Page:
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I wanted to add that you did and do not have to share anything about yourself that you do not wish to. However the less you mention, the less likely responses to your post will apply to your situation.

I also see that I did make one other assumption I forgot to address. OF COURSE I assumed that you didn't have an in-depth conversation with your doctor, because if you had, why on earth would you believe a random website over your physician?

Also, while many websites suggest starting with 5 minutes, it's usually stated as a suggestion, not as a strict mandate and the 1 minute increase per week is NOT common advice (and again, even if it were, your doctor would still be a better source of information than any website that knows nothing about you).

Depression and other mental health issues can make it difficult to clearly assess the value of advice you might hear or read. Unless the source of the recommendations come from a health professional who knows you well, most of the advice will be of little or no use to you.

This site is a great place to get opinions, but that's all they are. None of us can know enough about you to guarantee good advice.

Ask your doctor if there's a reasoon you should start with 5 minutes and not more. If the doctor already told you where to start, then start there.

Or just do what is comfortable. It's hard to hurt yourself with low impact exercise like swimming, walking, and cycling done at a leisurely pace, but that is ASSUMING you have no physical limitations.

But again, your doctor or even your psychiatrist (if you have one) is a more reliable resource than random strangers and weight loss websites.

I have a master's degree in psychology and have studied (to a limited degree) exercise physiology for sedentary and disabled, but you have no proof of that, AND I don't know enough about you to give better advice than your doctor.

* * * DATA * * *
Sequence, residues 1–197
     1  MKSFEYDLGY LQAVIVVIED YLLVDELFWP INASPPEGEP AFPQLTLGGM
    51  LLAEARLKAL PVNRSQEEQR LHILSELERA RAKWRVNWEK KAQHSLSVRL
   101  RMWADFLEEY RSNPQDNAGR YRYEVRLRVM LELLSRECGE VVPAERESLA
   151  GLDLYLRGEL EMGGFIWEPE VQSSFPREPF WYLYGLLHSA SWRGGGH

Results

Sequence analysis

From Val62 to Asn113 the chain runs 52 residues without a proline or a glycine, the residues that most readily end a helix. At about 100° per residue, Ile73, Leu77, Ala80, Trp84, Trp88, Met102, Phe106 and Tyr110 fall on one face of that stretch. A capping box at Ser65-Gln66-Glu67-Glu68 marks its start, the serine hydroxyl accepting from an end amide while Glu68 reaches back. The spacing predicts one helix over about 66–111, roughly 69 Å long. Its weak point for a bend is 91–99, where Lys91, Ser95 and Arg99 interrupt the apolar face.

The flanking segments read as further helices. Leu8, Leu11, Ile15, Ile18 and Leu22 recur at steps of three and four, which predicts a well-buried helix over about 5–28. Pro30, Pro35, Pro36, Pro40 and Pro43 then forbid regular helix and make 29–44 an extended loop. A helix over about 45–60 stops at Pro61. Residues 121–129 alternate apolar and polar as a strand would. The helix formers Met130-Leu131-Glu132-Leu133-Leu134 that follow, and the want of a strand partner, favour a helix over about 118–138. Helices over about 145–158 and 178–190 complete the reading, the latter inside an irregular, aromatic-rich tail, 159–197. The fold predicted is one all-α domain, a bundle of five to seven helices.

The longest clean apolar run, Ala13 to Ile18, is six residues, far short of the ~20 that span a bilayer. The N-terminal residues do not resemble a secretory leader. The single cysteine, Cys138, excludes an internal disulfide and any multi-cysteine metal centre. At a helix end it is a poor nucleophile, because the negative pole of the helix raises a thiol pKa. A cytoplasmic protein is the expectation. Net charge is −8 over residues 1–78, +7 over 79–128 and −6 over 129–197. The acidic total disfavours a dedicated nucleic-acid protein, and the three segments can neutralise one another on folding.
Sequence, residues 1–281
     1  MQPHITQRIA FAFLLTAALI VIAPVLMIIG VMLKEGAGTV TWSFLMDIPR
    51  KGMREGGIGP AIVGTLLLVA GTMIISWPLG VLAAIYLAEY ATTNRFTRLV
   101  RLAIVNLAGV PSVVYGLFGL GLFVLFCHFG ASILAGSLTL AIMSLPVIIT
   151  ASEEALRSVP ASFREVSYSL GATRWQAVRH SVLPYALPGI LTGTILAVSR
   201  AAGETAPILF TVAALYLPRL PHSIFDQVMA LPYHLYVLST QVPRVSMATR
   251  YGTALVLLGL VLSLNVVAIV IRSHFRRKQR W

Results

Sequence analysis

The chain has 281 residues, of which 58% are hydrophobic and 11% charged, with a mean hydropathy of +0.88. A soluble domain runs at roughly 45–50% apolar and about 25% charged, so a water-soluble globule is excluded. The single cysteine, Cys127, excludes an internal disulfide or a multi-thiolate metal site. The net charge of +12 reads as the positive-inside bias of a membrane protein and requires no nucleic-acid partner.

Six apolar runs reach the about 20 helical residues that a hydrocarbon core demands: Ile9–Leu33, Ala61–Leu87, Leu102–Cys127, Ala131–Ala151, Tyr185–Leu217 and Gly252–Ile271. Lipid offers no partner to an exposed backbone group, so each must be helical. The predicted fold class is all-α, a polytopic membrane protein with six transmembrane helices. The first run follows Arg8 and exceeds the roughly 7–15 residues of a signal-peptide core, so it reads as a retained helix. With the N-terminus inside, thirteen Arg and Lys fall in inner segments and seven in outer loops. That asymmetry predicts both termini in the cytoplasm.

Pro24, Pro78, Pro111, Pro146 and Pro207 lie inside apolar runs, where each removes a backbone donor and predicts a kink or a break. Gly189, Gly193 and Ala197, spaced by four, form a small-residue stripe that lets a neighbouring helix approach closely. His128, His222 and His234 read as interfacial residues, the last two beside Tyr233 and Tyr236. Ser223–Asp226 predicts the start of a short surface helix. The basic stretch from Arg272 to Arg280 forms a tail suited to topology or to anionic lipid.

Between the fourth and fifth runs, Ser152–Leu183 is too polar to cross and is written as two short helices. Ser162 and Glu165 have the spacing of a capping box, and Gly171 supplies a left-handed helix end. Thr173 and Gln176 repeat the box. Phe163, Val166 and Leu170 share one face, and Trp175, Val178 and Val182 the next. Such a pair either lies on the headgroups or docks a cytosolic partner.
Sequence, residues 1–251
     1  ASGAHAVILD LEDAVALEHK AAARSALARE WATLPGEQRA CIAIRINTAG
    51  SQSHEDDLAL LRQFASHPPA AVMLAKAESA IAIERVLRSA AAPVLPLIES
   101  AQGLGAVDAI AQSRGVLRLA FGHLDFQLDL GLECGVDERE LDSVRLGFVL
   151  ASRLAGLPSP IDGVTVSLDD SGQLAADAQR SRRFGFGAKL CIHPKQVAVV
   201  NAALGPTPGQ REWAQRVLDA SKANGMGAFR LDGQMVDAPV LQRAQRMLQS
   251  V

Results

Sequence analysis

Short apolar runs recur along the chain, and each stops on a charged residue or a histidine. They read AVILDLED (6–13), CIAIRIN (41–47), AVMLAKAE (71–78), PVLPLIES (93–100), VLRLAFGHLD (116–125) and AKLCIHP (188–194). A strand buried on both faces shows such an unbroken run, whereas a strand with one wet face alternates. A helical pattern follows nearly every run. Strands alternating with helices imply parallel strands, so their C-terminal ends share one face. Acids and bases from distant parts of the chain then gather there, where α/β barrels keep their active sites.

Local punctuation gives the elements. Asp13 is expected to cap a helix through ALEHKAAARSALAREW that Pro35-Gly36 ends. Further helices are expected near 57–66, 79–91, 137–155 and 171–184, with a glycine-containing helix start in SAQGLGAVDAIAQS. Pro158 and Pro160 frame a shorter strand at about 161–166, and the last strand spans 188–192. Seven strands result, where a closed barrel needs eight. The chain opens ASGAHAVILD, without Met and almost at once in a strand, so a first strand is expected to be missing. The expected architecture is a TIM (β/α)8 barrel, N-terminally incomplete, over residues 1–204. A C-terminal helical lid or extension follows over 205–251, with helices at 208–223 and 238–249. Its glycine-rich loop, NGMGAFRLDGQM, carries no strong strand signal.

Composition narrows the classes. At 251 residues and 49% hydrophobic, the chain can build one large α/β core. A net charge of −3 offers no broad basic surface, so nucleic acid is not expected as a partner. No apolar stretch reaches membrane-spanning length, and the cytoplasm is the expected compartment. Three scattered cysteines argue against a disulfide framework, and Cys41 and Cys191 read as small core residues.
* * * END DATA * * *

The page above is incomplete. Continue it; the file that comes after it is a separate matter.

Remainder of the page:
You've been given good advice (even if you discount everything I have said) but it isn't better advice than you could and should be getting from your doctor, counselor, or psychiatrist.

The rest of us are just strangers and website bloggers with opinions. Not a bad place to start BEFORE talking to your doctor, but if you've already talked to your doctor, then follow his or her advice.
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Old 10-22-2013, 10:03 AM   #15
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You've gotten the complete wrong impression from what I said. I know I don't have good communication skills. My posts are short and simple because of communication difficulties due to mental illness. I actually have taken into account some of the advice in this thread and have already put it into practice with some good results so far. I've already been to the doctor and asked questions multiple times and gotten advice. I've had a lot of health checks etc as my psychiatrist insists upon them and go to the doctor regularly. I have already been told by the doctor all this but the problem was I guess that I didn't really trust them fully. There have been times when I've had bad experiences with doctors and had to go to another doctor for a second opinion. I wanted to get the additional opinions of people I know are exercising and want to know their opinions. I don't understand why this thread has so much discussion, I mean I could be guessing here, but your repeated replies mean you are annoyed with me?